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Euro dollar  is sliding slower within the range, as cracks appear in the upcoming package for Greece. This includes the long awaited haircut deal (PSI) which might not see too many happy volunteers after all. The multiple downgrades from Moody’s don’t improve the mood either. We have a busy day ahead on both sides of the Atlantic.  

Here’s an update on technicals, fundamentals and what’s going on in the markets.

EUR/USD Technicals

  • Asian session: A surprisingly active session saw the pair continue falling as on Moody’s downgrades.
  • Current range:  1.3145 to 1.3212.EUR/USD Chart February 14 2012
  • Further levels in both directions: Below:   1.3145, 1.3060, 1.30, 1.2945 and 1.2873.
  • Above:  1.3212, 1.3280, 1.3333, 1.3450, 1.3550 and 1.3650.
  • 1.3280 worked as tough resistance and marked the beginning of the fall.
  • 1.3145 continues to strengthen. 1.3060 is also strong beneath.

Euro/Dollar lower after Moody’s – click on the graph to enlarge.

EUR/USD Fundamentals

  • 7:45  French Non-Farm Payrolls. Exp. +0.2%. Actual =0.2%.
  • 10:00  German ZEW Economic Sentiment. Exp. -11.8 points. Actual +5.4 points, much better than expected. The euro rises.
  • 10:00 Euro-zone  ZEW Economic Sentiment. Exp. -21.1 points. Actual -8.1 points.
  • 10:00  Industrial Production. Exp. -1.1%. Germany and France already disappointed. Actual -1.1%, as expected.
  • 13:30 US  Retail Sales. Exp. +0.8%. Core sales exp. +0.6%.
  • 13:30 US  Import Prices. Exp. +0.3%.
  • 15:00 US Treasury Secretary Tim Geithner talks.
  • 15:00 US  Business Inventories. Exp. +0.4%.
  • 22:40 US FOMC member  Dennis Lockhart talks.

For more events later in the week, see the  Euro to dollar forecast

EUR/USD Sentiment

  • Cracks in Greek deal: Despite the chaos in Athens, the Greek parliament approved the new austerity, but worries remain. The main candidate for leading the government after April’s elections, Antonis Samaras, said that the measures that were just approved will likely be renegotiated after the elections. He’s probably looking at the polls. A Polish official said that the situation now enables an easier Greek exit of the euro. He’s not celebrating the progress in Athens, but rather celebrating the success of the ECB’s LTRO. In addition, Finland demands collateral from Greece once again. The head of Merkel’s sister party,  Horst Seehofer of the CSU, wants a referendum about the euro.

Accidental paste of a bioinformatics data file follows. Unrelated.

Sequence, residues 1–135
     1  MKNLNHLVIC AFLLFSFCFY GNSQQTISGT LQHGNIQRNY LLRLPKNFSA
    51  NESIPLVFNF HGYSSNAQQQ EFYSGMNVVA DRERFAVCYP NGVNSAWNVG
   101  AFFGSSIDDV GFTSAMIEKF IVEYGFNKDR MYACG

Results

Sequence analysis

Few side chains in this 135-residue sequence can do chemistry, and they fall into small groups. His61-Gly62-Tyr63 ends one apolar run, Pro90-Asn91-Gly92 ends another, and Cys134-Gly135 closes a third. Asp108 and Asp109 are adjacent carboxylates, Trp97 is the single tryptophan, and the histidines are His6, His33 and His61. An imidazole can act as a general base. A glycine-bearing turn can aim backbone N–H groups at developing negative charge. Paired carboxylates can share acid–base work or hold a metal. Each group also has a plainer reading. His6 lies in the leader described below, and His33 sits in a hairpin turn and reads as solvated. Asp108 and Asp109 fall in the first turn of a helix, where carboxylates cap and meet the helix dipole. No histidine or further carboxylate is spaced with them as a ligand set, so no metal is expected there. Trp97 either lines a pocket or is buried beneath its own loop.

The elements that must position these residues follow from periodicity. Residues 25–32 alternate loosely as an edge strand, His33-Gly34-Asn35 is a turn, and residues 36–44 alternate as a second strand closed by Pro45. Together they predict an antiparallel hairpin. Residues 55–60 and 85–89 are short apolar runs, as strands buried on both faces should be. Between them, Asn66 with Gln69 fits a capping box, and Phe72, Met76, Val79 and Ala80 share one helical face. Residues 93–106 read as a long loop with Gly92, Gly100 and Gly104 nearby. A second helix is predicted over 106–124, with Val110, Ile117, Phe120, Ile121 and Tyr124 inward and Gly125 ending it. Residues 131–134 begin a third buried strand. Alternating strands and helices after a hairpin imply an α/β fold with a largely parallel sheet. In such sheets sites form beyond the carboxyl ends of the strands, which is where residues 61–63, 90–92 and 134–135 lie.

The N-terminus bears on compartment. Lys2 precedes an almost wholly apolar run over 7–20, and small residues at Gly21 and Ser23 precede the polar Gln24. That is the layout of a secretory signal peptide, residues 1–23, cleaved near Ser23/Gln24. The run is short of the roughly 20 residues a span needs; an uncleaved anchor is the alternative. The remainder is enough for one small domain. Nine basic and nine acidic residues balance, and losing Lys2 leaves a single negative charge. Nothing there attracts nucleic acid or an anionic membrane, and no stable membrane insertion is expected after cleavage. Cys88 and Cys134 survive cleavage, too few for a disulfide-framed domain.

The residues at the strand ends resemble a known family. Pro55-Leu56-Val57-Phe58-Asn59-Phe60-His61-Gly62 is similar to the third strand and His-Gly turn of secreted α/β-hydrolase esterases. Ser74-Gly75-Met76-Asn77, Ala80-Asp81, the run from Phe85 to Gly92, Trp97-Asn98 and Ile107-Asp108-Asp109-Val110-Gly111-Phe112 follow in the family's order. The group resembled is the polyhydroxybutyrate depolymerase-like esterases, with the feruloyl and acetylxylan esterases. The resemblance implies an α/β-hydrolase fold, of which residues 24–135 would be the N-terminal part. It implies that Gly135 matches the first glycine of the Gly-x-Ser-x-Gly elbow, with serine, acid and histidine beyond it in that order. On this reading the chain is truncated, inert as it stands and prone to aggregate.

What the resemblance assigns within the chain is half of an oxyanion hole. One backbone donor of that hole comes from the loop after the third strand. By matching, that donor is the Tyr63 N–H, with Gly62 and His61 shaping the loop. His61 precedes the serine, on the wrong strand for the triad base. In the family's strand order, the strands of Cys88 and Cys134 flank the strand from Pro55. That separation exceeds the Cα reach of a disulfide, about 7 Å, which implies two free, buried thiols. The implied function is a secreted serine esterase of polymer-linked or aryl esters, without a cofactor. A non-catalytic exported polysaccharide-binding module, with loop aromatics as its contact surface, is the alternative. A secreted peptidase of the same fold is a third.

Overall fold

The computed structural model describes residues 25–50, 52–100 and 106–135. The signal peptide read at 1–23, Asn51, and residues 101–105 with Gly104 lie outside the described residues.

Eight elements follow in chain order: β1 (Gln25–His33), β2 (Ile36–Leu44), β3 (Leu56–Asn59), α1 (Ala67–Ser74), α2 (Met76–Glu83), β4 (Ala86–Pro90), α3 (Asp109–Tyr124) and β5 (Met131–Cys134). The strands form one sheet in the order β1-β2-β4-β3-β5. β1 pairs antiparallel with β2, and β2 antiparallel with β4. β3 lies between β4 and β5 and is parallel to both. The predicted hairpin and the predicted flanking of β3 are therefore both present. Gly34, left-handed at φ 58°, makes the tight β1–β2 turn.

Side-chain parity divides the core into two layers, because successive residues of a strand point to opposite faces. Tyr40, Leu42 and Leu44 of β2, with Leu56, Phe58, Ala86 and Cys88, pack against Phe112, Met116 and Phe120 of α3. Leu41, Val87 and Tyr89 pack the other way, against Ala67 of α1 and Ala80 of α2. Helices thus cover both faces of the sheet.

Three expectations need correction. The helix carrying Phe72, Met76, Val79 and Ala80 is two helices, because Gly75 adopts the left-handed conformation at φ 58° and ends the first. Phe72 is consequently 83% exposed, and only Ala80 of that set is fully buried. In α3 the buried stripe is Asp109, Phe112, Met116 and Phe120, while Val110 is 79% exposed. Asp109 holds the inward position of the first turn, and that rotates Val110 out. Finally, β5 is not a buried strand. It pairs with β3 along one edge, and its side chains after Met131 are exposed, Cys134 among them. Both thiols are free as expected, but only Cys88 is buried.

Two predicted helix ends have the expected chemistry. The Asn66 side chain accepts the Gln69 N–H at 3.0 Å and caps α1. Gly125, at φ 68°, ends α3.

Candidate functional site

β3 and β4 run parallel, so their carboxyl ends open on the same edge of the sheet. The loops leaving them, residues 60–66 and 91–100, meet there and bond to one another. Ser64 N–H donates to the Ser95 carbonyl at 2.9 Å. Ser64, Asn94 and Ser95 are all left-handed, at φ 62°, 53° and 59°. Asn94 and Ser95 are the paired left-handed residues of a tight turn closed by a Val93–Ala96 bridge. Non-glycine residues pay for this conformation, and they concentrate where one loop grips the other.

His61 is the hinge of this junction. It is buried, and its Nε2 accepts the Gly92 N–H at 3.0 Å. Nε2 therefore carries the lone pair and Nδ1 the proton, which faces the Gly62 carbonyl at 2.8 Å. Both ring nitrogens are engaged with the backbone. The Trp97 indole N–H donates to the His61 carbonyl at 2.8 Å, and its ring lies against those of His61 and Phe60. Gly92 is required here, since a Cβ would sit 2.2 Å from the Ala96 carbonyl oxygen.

• Moody’s downgrades: The rating agency didn’t downgrade France as S&P did, but it act on Italy, Spain and 4 other euro-zone countries. This follows downgrades to Spanish banks by other agencies yesterday. As Italy is trying to convince markets that things are getting better and Spain is working on labor and banking reforms, these blows certainly don’t help. At least the LTRO keeps their bond yields relatively stable.
  • PSI Shaky: The “voluntary” 50% haircut for private bondholders agreed in October turned to around 70%, and there aren’t too many volunteers. If there are is a majority of volunteers, Greece could pass legislation that would force the others to hop along. It’s called Collective Action Clause. But if 50% participation isn’t reached?
  • Ball Passes to Brussels: Amid this mess, Wednesday’s Eurogroup meeting is supposed to to approve the deal. The statement from Samaras is likely to echo strongly. German finance minister Wolfgang Schäuble, said that ¨Greek promises are not enough”, after so many have already been broken in the past. Greece still has to find 325 million euros of cuts until this meeting. The situation remains fragile.
  • Recession looming: GDP figures published on Wednesday will likely show that the euro-zone contracted in Q4. This also includes Germany. For Italy, it will likely be the second quarter of contraction in a row, making it an official recession. Note that Japan posted a deep contraction in Q4, and this doesn’t bode well for Europe.
  • ECB opens door to Greek haircut:  The pressure for Official Sector Involvement succeeded. Mario Draghi made a “one more thing” last moment Steve Jobs style statement and opened the door to a contribution by the ECB to the Greek bailout. But this depends on politicians first.
  • Portugal awaits Greece: Portuguese yields remain on high ground. The path chosen for Greece will likely be followed by the small Iberian country in the infamous “contagion” effect that is feared.
  • Bernanke dismisses job growth:  The  drop of the unemployment rate to 8.3% and the gain of 243K jobs  in January gave a lot of hope for the US. Nevertheless, in a testimony in Washington, Ben Bernanke dismissed the positive figure. He mentioned the employment-to-population ratio and said that 8.3% understates the real state of unemployment, which he sees as quite gloomy. So, QE3 still has a chance in March,  even if quite low. Jobless claims fell once again to 358K, but in another speech today, Bernanke will likely continue his soft stance. The meeting minutes are awaited on Wednesday. They will show how dovish the FOMC is.
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